“What Will You Do with Our Stories?” Truth and Reconciliation in the Solomon Islands
AbstractThe Solomon Islands Truth and Reconciliation Commission (TRC) was the first TRC in the Pacific Islands. Its goals and activities – truth-seeking, reconciliation and the production of a report with a narrative of the conflict that focused on human rights violations – reflect the normative values of global transitional justice discourses. In this paper I draw on interviews with former staff of the TRC and my own experiences of working for the TRC to explore the implications of importing international transitional justice mechanisms into the local Solomon Islands context, and to draw attention to the cultural limitations of truth-telling. I argue that in order for peacebuilding tools to be effective in Solomon Islands, a strong commitment to, and understanding of, local context is required; transitional justice mechanisms must resonate with local understandings and practices of conflict resolution and peacemaking. The TRC has the potential to play a positive role in building peace in Solomon Islands if it is viewed as a component of an ongoing process.Truth and memory alone will not bring about justice, reconciliation or peace; the memories and truths that are collected and produced by the TRC ought to be used for future action, addressing ongoing injustices and grievances.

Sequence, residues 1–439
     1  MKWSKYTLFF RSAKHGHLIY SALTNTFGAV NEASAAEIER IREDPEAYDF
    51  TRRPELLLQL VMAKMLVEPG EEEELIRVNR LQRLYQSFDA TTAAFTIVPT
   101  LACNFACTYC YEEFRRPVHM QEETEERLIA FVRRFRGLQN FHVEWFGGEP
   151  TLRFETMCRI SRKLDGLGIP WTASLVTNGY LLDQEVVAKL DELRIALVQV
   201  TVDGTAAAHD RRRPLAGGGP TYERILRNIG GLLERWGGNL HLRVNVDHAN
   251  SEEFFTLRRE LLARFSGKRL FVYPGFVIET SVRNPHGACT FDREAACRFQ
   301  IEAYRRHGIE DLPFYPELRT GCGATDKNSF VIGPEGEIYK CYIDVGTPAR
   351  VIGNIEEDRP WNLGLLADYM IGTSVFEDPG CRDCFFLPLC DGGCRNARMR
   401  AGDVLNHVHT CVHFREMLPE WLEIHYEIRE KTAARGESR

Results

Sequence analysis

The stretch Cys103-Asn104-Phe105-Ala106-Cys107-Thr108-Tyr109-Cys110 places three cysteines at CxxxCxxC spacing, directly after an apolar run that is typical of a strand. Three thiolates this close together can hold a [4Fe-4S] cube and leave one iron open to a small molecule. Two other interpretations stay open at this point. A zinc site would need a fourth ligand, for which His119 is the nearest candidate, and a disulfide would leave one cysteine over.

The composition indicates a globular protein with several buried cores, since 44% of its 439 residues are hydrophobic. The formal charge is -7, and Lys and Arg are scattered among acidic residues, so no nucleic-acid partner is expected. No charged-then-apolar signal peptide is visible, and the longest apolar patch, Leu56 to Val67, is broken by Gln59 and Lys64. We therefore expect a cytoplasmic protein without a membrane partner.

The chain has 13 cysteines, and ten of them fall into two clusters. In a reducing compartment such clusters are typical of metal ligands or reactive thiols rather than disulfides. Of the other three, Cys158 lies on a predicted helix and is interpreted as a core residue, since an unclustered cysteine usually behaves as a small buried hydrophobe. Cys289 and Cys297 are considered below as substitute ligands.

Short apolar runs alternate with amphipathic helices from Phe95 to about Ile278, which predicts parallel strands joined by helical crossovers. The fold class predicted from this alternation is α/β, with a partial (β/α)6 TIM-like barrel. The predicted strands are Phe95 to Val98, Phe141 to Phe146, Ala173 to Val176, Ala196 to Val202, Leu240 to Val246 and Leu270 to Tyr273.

Focus: Violence, Justice, and the Work of Memory
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